As I mentioned before, these guys cover a wide range of systems but their longest running one is a 4e campaign of epic proportions, so epic in fact that they have created their own campaign books that are available online. These are not your usual fan created word documents either. Both are illustrated PDFs with a background on the setting, adventure seeds, new monsters, a new player race... all in all, a whole lot of 4e goodness that is free for download that lets the listeners dive into the New World campaign setting themselves if they want to.

But you're probably wondering about the podcast itself. The DM of this game is aiming for a grand game with political intrigue and sweeping character development as the players explore the New World, helping the first colony to survive and flourish, and he does a pretty good job with it as well. There are lots of little twists and turns that the players are involved in, most of which would set the characters at each others throats if they found out about them. The guys do a very good job with the role playing and though they do joke around a lot, they are able to bring it back around and get back on track... at least until the combat sessions. These tend lots of die rolling with random jokes and tangents thrown in. This breaks up the actual play experience but can be really entertaining as well... as long as you're not easily offended.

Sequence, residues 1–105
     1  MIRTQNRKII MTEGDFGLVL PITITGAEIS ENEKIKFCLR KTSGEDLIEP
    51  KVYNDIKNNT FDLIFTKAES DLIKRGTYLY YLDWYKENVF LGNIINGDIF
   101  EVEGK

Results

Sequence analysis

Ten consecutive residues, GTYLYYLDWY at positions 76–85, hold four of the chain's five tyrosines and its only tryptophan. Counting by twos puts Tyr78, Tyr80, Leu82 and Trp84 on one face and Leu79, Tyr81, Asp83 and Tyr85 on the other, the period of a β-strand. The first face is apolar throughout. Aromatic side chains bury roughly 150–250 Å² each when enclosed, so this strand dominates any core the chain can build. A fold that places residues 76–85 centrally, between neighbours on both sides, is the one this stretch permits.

As for the other games, they are definintely an interesting listen and lets you experience some games that are off the main stream. The only downside can be Ross (he runs most of the games) really likes the C'thulhu mythos. This can make things a little predictable at times but for the most part they're still a lot of fun to listen to.

Overall, if you are looking for some new and different actual plays to listen to, give RPPR Actual Play a try... but consider yourself warned; these guys earn their explicit tag within the first five minutes of every 'cast.

Sunday, July 4, 2010

July 4th

The independence of this nation was won by people who rose up against those who would oppress them. It was on their blood and sweat that this country was founded. Let us all take a moment this day to give silent thanks to those people and the sacrifices they made for a better future for their families and those who continue to make those sacrifices today. Remember that this great country was not founded on complacency and acceptance but by those willing to stand up and fight for what they believe in. May we all have a happy and safe Independence Day.

Saturday, July 3, 2010

Audio Noise: The Knights At Night

Hey everyone and welcome to a knightly edition of the Dispatch!